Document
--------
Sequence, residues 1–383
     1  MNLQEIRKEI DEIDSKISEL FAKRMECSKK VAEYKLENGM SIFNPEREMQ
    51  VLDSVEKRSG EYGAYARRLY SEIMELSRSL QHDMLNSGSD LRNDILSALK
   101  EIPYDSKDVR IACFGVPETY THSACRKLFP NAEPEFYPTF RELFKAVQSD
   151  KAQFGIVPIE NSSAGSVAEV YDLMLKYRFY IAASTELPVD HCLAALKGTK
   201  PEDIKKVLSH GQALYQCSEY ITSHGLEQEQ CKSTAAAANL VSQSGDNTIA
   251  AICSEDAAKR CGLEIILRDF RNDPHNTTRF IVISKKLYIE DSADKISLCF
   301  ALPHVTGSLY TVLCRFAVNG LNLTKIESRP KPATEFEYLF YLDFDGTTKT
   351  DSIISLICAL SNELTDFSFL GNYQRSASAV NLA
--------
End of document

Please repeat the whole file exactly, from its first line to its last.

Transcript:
Sequence, residues 1–383
     1  MNLQEIRKEI DEIDSKISEL FAKRMECSKK VAEYKLENGM SIFNPEREMQ
    51  VLDSVEKRSG EYGAYARRLY SEIMELSRSL QHDMLNSGSD LRNDILSALK
   101  EIPYDSKDVR IACFGVPETY THSACRKLFP NAEPEFYPTF RELFKAVQSD
   151  KAQFGIVPIE NSSAGSVAEV YDLMLKYRFY IAASTELPVD HCLAALKGTK
   201  PEDIKKVLSH GQALYQCSEY ITSHGLEQEQ CKSTAAAANL VSQSGDNTIA
   251  AICSEDAAKR CGLEIILRDF RNDPHNTTRF IVISKKLYIE DSADKISLCF
   301  ALPHVTGSLY TVLCRFAVNG LNLTKIESRP KPATEFEYLF YLDFDGTTKT
   351  DSIISLICAL SNELTDFSFL GNYQRSASAV NLA